In other words, do not stop when entering the roundabout unless there is a solid wall of traffic going around the roundabout preventing your safe entry.  You do not need to wait until there is no visible traffic already in the roundabout.  If you can safely fit into the line of vehicles already in the roundabout, you should do so.

Try and merge into the roundabout traffic, the same way you merge into a freeway.  And, just like merging on a freeway, the key is not to stop unless you have to - it is much easier to merge into a small space when traveling at the same speed.

If you stop for no reason, there is a danger that a car behind you will fail to notice and will rear-end you.  As drivers approach a roundabout, they have to split their focus between the car in front and the traffic already in the roundabout.  If things look clear, it is easy to make an assumption that the driver in front will of course keep on moving, because that is what a sensible driver would do based on the traffic already in the roundabout.  So, with this assumption, the driver behind focuses to see if there will be a chance for him to move into the roundabout too.

If you've stopped unnecessarily, the driver behind may not notice this and may rear-end you.  The other side of this coin is to beware of bad drivers in front of you, and never to assume they will act appropriately.

Which Lane to Use Entering the Roundabout

Many - most - roundabouts have two lanes for traffic entering them.  If you will be taking the very first exit, you should be in the left lane.  If you will be taking the last exit, you should be in the right lane.  If you are taking one of any other exits, use your best judgment as to which lane to be in.

Sometimes there might be signs prior to the roundabout guiding you as to which lane you should be in.

Driving Around the Roundabout

Now that you have entered the roundabout you will probably have right of way as you go around it, and if there are any exceptions to this rule, they will be clearly signposted for you to know.

Your concerns at this stage are to follow the flow of traffic, and to be in the appropriate lane to be able to exit at the appropriate exit to the roundabout.

As you go around the roundabout, if it is a multi-lane roundabout, you'll need to move over to the exit lane in time for your exit.  This can be a bit difficult; be sure to indicate and keep a careful eye on the cars in front and alongside as you change lanes.

Worst case scenario - if you miss your exit, don't worry.  Just go around again, as many times as you like, until you get it all sorted out.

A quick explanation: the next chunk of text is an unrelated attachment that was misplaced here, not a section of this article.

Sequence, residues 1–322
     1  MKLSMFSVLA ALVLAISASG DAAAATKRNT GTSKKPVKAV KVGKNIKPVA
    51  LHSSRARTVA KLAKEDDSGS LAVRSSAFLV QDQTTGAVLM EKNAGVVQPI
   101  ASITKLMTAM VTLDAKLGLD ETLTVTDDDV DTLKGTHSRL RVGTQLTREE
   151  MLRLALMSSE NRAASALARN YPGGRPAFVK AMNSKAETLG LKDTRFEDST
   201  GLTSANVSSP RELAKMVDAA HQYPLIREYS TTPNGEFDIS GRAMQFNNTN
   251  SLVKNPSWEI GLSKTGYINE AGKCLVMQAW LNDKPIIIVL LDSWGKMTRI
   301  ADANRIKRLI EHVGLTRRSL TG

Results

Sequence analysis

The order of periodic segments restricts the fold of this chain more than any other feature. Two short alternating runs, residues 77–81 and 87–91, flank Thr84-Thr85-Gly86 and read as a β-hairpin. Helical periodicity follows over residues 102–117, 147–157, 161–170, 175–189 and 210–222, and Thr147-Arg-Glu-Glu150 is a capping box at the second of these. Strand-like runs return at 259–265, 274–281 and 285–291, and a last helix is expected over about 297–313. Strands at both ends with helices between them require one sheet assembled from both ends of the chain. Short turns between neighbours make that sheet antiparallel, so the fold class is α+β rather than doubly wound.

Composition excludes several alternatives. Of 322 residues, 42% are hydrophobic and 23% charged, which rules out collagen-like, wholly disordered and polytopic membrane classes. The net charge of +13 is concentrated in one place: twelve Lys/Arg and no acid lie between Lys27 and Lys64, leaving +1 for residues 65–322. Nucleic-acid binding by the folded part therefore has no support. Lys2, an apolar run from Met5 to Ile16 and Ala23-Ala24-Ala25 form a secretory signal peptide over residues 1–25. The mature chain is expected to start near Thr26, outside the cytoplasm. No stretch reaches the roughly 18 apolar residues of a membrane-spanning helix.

Exiting the Roundabout

If you're on a major road into the roundabout and exiting on the same or another major road, and if the entry into the roundabout was two lanes, you'll probably also have two lanes to exit as well, so you can be in either of the two outer lanes when approaching that exit.

If you're on a minor road, or exiting to a minor road, and of course if the roundabout is only one lane anyway, then things are easier.

Signaling Your Way Around the Roundabout

While you are driving around a one lane roundabout, you should be signaling a right hand turn as you drive around it, to tell drivers waiting to enter the roundabout that you're continuing on around.

When you approach your exit, you should signal a left hand turn to show drivers waiting to merge into the roundabout that you're going to exit, telling them it is safe for them to pull into the roundabout.

Obviously, do not start to signal a left turn/exit if there is another exit prior to the one you will take.

If you are in a multilane roundabout, you don't need to signal anything, except for when changing lanes, and if you are in the outermost lane and about to exit.

Observing the Lanes

Be careful to always stay in your lane except for when you have clearly signaled and the way is clear for you to change lanes.

In particular, if you are exiting the roundabout with a two lane exit, be careful not to drift across from one lane to the other.  Stay exactly in your lane.

Remember that all cars have blind spots, and you're probably in an unfamiliar rental car with unfamiliar blindspots to start with.

And then, the whole geometry of everything is a bit different when going around in circles rather than in straight lines, and so for these reasons it is important to be very careful to stay in your lane and to check when changing lanes.

Special Types of Roundabouts

In addition to ordinary roundabouts, there are a some special case roundabouts you might sometimes encounter.

Mini-Roundabout

One of these is the 'mini-roundabout' where two roads come to an intersection, and there's a round white circle in the middle of the road - perhaps slightly raised up, perhaps not.